As much as it is exciting to watch these kind of ROUGH SEAS, the kind of wind and seas generated by the typhoon this weekend that passed over the Philippines is not fun and exciting.  As we have seen, it is downright dangerous.  We have a large population of Filipinos in our area and our prayers and support go out for them as they wait to hear from their families as well as to those on the islands who are trying to recover from the great loss of life and property.

This week is the letter R in the weekly meme ABC WEDNESDAY.  We are now in the 13th round of this project, which was begun by Mr. Nesbitt and is now continued by Roger Owen Green and other helpers.  Thank you all for your faithful commitment.  To see more of the fascinating posts presented in this project please click HERE.

12 comments:

photowannabe said...

I really like your examples of Rough Seas.
The Typhoon has been so terrible, with so many lives lost.
We have a large Filipino population here also.
Love the wave action photos too.

Roger Owen Green said...

My goodness. While I love the sea, I guess I live 150 miles from it.

ROG, ABCW

jabblog said...

The power of the sea is truly awesome and makes puny humans helpless in the face of its strength.

snafu said...

There is something exhilarating about watching such violence, but it is not funny when it takes away your home and half your family. I remember the 1953 storm because it swept away half the village where we went on holiday. Over 250 people died that night in the UK, but that is nothing compared to the Philippines disaster. The sea can be a very powerful force and the RNLI is operated by some very brave people.

Leslie: said...

Rough seas are exciting to watch but not for being in them! lol I love all your photos and those California ones sure do look like the Pacific Ocean. I hope when I finally manage to get to Llandudno, we won't have to experience rough seas.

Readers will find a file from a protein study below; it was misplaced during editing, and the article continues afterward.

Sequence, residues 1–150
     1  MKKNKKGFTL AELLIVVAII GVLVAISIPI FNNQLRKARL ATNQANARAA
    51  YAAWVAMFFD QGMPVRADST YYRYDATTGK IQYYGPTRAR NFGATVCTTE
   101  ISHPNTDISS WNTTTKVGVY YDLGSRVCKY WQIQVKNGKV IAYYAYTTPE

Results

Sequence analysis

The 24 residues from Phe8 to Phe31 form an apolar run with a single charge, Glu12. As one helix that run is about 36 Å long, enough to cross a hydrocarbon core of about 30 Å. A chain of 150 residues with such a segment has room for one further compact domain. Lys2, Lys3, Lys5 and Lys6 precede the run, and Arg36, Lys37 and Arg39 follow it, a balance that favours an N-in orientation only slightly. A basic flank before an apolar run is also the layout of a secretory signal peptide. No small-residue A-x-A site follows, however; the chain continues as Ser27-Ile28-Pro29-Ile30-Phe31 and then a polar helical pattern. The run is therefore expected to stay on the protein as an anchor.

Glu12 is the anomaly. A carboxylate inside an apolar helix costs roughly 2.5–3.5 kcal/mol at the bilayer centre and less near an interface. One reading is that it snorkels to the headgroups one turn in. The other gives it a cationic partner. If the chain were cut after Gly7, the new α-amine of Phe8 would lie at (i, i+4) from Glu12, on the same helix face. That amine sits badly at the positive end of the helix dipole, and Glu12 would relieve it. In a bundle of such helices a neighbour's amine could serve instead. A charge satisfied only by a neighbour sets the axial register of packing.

Leslie
abcw team

Mersad said...

Our weather has been worsening here too. Once can really see the seasons changing again.

amarnaik.com said...

great captures reflecting power of sea

Dave said...

Nothing can compare to the Phillipines though. I find it amazing that such an important service like the RNLI is not government funded. They are so good and necessary, they'll always get my money.

kaybee said...

Your photos make me positively homesick for the ocean....Lake Ontario is just not the same!

Nevertheless, one is always at the mercy of 'rough seas' so sometimes it is a benefit to be a distance from them!

Scriptor Senex said...

I liked your post and like you and the other commenters I grieve for the Philippines. The sea is magnificent and the men and women who crew the lifeboats are no less magnificent.

sandy said...

Loved your photos and that painting is wonderful! I enjoyed reading about Rough Seas. It is so darn sad what has happened over in the Philippines. My grandson's family is Filippino and they are all okay as far as I know - most of their relatives live in Manila I think.

Alan Burnett said...

I remember going to see the Lifeboat at Flamborough Head whilst we were on our regular weeks summer holiday at Brid. And I am sure there must have been rough seas but in my mind it was always calm days and blue skies.